I'm delighted to see that Corporate Responsibility Magazine, which must surely be one of the newsstand's hottest reads, has named Weight Watchers on its inaugural list of worst companies. The mag defines "worst" as being secretive in activities and practises such as employee benefits, climate-change policies or philanthropic efforts.
Companies were scored on financial, governance and human rights variables. Dirk Olin, editor in chief of the magazine, told the New York Times: "We decided to ask ourselves what the bottom of that list would look like, never dreaming for a minute that we would uncover a full 30 corporations where no relevant data at all could be turned up. The notion of transparency as the first, best, primary value allows other players, players with a variety of values – be they journalistic, NGOs, competitors, collaborators – to weigh in according to their competing interests."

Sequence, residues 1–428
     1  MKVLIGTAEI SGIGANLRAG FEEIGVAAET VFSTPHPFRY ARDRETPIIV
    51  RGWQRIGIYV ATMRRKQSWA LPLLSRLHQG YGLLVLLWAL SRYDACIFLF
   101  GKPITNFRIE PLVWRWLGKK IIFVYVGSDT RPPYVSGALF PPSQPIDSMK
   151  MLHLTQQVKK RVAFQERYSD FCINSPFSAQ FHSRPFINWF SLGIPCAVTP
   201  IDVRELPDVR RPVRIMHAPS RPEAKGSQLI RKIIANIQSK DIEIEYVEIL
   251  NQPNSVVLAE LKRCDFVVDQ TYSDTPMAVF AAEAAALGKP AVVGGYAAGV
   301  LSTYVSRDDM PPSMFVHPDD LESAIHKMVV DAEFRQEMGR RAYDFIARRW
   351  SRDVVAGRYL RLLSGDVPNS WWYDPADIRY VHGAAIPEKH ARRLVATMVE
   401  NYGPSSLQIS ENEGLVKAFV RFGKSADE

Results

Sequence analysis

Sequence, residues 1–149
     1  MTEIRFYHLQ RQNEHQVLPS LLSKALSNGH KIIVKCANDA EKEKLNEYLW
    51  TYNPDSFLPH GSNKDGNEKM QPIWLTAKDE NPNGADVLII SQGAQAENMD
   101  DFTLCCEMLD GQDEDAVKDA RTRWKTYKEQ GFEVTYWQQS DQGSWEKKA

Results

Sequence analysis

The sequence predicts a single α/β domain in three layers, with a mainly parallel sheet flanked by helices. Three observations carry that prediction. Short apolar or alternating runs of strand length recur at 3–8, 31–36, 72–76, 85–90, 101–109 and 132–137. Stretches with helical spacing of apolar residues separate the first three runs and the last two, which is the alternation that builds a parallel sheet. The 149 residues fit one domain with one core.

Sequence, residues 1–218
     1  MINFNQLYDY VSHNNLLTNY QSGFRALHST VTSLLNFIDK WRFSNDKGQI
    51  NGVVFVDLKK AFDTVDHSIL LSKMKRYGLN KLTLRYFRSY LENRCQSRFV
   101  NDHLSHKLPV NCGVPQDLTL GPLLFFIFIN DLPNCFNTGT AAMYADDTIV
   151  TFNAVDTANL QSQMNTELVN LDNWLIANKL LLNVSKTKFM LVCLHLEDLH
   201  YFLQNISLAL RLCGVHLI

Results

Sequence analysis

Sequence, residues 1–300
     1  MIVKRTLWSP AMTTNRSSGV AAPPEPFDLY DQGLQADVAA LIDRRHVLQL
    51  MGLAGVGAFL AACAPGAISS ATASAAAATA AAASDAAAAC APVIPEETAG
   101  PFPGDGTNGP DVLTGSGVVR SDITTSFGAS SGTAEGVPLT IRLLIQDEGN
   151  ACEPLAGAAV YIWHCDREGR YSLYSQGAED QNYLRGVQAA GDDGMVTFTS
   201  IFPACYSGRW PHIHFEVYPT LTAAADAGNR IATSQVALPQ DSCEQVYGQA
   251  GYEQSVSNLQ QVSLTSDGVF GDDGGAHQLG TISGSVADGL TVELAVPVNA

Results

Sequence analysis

Weight Watchers declined to comment.
This data might be worth quoting at the National Institute for Health and Clinical Excellence, who are currently soliciting material in 'Preventing obesity: a whole-system approach: call for evidence.' They want to hear about 'partnership working' between the NHS and local businesses. This is how Weight Watchers and Slimming World are developing markets within statutory service provision and legitimising their business interests as neutral, caring, for the common good. It stinks. Why not write to NICE and tell them so? The deadline for responses is 29 April 2010.